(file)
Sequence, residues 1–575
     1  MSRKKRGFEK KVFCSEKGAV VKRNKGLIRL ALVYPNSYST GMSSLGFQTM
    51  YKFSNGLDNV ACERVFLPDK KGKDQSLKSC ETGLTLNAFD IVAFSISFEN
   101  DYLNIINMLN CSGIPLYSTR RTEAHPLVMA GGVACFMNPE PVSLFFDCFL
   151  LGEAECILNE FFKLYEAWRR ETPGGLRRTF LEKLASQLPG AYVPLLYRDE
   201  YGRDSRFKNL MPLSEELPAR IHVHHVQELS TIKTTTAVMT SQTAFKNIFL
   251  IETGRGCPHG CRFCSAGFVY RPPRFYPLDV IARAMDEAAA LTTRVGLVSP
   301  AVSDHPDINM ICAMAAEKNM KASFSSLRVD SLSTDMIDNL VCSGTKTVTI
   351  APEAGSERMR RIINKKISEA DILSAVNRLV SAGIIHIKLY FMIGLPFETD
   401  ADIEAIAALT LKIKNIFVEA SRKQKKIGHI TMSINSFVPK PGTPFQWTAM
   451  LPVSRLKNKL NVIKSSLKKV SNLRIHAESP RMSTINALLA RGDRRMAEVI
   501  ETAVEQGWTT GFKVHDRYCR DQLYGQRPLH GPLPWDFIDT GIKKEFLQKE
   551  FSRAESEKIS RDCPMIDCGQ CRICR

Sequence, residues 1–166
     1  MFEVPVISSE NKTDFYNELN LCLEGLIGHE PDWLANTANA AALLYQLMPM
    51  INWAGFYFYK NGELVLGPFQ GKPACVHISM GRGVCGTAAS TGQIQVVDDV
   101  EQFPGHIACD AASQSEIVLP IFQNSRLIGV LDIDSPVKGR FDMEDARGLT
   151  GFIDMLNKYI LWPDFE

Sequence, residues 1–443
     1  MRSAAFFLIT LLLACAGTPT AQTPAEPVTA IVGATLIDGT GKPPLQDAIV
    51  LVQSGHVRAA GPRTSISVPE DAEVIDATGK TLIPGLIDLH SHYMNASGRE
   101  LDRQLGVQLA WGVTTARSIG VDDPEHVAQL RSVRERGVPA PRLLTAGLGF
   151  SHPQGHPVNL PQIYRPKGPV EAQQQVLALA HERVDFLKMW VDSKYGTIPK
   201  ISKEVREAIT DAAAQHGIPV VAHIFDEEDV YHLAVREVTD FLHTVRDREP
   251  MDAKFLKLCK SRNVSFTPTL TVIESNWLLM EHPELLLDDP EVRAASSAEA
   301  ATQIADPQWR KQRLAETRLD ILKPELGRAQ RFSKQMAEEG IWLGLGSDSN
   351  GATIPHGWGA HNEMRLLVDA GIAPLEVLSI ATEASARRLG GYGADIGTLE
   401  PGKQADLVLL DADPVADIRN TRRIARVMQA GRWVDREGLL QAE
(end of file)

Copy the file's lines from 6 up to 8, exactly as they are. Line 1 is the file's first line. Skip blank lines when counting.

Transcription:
   201  YGRDSRFKNL MPLSEELPAR IHVHHVQELS TIKTTTAVMT SQTAFKNIFL
   251  IETGRGCPHG CRFCSAGFVY RPPRFYPLDV IARAMDEAAA LTTRVGLVSP
   301  AVSDHPDINM ICAMAAEKNM KASFSSLRVD SLSTDMIDNL VCSGTKTVTI